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1 powerful strategy in 6 words

Today on the podcast, we are discussing the 6-word story strategy. I first learned about this strategy five years ago at a STEM camp. Yes, as teachers, we get to keep learning, and I attended a camp all about STEM topics like robotics and coding. In addition to learning about these topics, I also learned about fantastic instructional strategies. One of those strategies was a 6-word story. I continue to use this strategy in my classes! They are fun to implement and allow students to review their learning, and it is a great way to check in to see what students have learned. Let's jump in with the 6-word story. First, we will describe the strategy, how to set it up, and when you can use it in your lesson planning.

What is a 6-word story?

Students create a 6-word story about a topic. This 6-word story can be a summary, main points, or highlights of the topic. Students can create this 6-word story in a lot of different ways. It can be a complete sentence, six words that describe the topic that is bullet-pointed, or an acrostic poem.

How do we set it up with tech or without

  • If you want to use paper/pencil, you can give students a sticky note or index card to jot down their 6-word story.

  • You can also head to my TPT store to grab the freebie - a 6-word story template you can print out and use immediately in class.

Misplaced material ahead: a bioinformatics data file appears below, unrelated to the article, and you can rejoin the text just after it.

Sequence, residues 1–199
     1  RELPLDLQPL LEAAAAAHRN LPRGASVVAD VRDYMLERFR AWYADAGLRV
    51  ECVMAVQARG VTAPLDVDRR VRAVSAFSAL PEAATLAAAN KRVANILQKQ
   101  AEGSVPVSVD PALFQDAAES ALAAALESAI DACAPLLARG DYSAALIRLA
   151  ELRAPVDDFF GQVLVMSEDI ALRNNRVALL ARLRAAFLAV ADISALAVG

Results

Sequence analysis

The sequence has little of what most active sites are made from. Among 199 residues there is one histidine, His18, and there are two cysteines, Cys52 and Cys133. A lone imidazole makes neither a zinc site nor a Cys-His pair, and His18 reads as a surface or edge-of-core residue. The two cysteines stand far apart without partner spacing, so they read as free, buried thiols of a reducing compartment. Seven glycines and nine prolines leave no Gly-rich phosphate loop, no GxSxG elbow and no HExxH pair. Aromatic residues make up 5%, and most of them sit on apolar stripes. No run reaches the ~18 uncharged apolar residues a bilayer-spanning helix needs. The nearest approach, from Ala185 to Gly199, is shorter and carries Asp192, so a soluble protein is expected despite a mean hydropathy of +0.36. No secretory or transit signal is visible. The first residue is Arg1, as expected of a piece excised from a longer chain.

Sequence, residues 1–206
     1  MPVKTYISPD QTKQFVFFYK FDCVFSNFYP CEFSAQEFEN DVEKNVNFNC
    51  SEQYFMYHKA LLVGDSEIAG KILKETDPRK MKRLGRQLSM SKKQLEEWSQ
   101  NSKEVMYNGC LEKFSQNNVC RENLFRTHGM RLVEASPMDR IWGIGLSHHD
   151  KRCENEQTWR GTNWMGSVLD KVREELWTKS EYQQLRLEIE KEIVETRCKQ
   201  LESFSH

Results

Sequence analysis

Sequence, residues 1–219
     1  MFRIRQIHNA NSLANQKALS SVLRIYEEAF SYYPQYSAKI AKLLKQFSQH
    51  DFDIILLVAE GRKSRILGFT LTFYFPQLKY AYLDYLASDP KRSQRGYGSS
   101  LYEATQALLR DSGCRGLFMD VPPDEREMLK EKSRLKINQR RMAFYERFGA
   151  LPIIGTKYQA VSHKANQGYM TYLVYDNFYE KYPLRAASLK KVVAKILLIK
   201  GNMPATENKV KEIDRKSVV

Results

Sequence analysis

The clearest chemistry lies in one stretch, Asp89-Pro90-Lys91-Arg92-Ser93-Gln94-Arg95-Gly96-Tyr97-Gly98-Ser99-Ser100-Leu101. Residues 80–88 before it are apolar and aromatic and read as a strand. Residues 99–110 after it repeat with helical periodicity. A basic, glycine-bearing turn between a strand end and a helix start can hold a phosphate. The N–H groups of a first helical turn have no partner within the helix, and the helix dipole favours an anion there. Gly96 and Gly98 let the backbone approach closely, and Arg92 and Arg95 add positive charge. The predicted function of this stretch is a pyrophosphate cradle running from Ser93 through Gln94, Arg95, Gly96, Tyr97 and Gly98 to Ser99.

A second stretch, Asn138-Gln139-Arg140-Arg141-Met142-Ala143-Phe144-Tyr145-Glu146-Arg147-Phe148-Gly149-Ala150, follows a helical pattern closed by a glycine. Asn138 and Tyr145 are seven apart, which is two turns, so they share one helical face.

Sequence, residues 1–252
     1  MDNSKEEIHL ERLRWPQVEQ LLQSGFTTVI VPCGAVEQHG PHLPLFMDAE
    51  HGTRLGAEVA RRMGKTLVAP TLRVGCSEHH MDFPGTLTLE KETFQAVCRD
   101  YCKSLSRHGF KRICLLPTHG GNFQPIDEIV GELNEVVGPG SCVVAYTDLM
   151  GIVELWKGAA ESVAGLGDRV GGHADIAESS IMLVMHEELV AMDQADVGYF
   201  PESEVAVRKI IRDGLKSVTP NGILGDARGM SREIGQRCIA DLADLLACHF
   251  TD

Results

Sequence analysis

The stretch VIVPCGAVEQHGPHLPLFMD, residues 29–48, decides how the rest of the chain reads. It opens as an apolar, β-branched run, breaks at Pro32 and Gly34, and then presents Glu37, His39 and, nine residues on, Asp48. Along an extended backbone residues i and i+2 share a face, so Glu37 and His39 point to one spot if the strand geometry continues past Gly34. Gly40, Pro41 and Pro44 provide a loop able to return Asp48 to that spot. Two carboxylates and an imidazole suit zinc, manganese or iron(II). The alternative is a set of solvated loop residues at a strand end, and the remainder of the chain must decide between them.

• You can also use edtech to get the same effect. Using edtech is effective if you want to show other responses on the board. For example, Lumio has a 6-word story activity template on their program. You can head to Lumio, create a free account, and try it out today. With Lumio, students can write their responses in a text box, use images to support their story, or describe their six words. Another benefit of using the edtech is that you can keep the responses and show their responses to others.

When can I use it in a lesson? There are many ways to use this during a lesson.

  • Entrance ticket - as they come in, they have a prompt to write a 6-word story about what they remember from the homework or the reading.

  • Exit ticket - a six-word story about the main idea or topic they learned in class.

  • Formative assessment during a lesson.

  • You can also put some parameters on your 6-word story. I tell my students they can create a 6-word story without using the following words…. For example, if I had my students write a 6-word story about component 1A in the Danielson framework, but they can't use the words pedagogy or content knowledge in their 6-word story. This helps them edit and rephrase their learning in their own words.

Overall, a 6-word story is a fantastic strategy to get your students to reflect on their learning. They can also show their 6-word story in a new way using edtech to demonstrate their learning with Lumio. I would love to read about how you use a 6-word story in your class - tag me on social @Sfecich with your idea.

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